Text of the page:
“Peer Care incorporates innovative thinking with in-depth experience and insight to more effectively tackle a fundamental challenge – how to increase resiliency among human rights defenders by addressing their mental health and wellness needs. It is clear that the project’s organisers understand that innovation is closely tied to effectiveness, which means that it should be grounded in the real world, and meet the real needs of real people,” said Jamila Raqib.
The second winner has requested to remain anonymous in order to avoid state repression. The applicant put forward an innovative way of increasing police accountability through the use of crowdsourcing and data visualisation. This will not only create citizen oversight, but also improve the law enforcement officers incentives for good behaviour.
“It was a challenge for us to present our idea for an international competition. The participation in Innovation Challenge 2017 helped our team to develop the vision on how we are going to build our project in the nearest future, it inspired internal discussions. It’s a great honour that the jury chose to support our idea. Thank you!,” said the non-disclosed winner.
“I am excited by the winning applicant’s initiative and find it to be a clever and grounded application of crowdsourcing as an approach and technology innovation to improve accountability through direct engagement. With care and attention to how it rolls out, this project can potentially support greater critical awareness on civic rights and state duties, and hopefully also foster better relationships between the police and the people it is serving,” said Jac sm Kee.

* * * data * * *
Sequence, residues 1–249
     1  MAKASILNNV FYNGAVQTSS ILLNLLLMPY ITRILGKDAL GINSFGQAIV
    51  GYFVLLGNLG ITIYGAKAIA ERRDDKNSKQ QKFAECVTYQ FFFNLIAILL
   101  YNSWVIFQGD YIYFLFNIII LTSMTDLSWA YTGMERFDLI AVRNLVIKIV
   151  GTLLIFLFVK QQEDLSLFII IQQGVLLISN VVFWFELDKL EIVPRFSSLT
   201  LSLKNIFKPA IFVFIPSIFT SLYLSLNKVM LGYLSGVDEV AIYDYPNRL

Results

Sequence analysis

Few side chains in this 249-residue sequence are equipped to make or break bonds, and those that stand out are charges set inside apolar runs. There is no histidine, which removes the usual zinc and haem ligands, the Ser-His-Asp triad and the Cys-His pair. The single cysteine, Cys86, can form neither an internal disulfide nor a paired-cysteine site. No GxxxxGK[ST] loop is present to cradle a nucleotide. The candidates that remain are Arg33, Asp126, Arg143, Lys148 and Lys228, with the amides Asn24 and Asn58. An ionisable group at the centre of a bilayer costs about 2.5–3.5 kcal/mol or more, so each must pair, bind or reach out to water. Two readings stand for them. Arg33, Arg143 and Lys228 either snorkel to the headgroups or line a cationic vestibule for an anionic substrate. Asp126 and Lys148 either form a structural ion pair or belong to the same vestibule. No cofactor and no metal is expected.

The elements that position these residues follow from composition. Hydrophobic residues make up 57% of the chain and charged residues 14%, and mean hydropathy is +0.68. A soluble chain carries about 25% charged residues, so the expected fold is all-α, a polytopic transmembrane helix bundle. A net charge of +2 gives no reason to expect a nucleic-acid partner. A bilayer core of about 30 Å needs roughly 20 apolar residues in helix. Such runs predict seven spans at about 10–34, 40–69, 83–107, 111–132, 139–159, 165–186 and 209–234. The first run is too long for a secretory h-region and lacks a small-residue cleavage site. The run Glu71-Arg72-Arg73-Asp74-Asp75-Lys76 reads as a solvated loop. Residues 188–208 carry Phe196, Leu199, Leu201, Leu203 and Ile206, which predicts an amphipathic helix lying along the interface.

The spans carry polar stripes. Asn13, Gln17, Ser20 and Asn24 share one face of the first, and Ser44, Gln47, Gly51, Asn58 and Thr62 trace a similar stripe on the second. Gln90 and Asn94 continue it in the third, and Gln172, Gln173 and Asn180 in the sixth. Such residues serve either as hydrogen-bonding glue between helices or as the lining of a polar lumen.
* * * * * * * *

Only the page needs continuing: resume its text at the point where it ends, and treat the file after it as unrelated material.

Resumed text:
“This project is both defender-centric and innovative. By monitoring law enforcement through crowdsourced citizen reports, this idea not only stands a chance to improve accountability, but also creates incentives for the police to reflect on their own behaviour and actions,” said Robert Hårdh.
The winners of Innovation Challenge 2017 will share the prize of 300.000 SEK. The purpose of the funding is to create possibilities for the entire innovation cycle – from the idea stage, through iterations, to solution, and, finally, adoption.
“Our goal is simple, yet challenging”
Civil Rights Defenders would like to thank all finalists, and everyone else that applied. In a time where repressive regimes and policy makers have stepped up their coercive game and continue to find new methods of oppression, we must find new ways to stop them. This is one of the very core reasons for why Civil Rights Defenders has created the Human Rights Innovation Initiative.
We believe that innovation is key to providing realistic and long-term solutions for human rights defenders at risk. As conditions continue to deteriorate in many of the regions where we work, it is becoming all the more crucial to develop smart and creative ways to assist those who need it the most.
”Our goal is simple, yet challenging: to present ideas that could become important tools for protecting human rights defenders at risk and making their work more effective. The more ideas that are developed, the better,” said Robert Hårdh.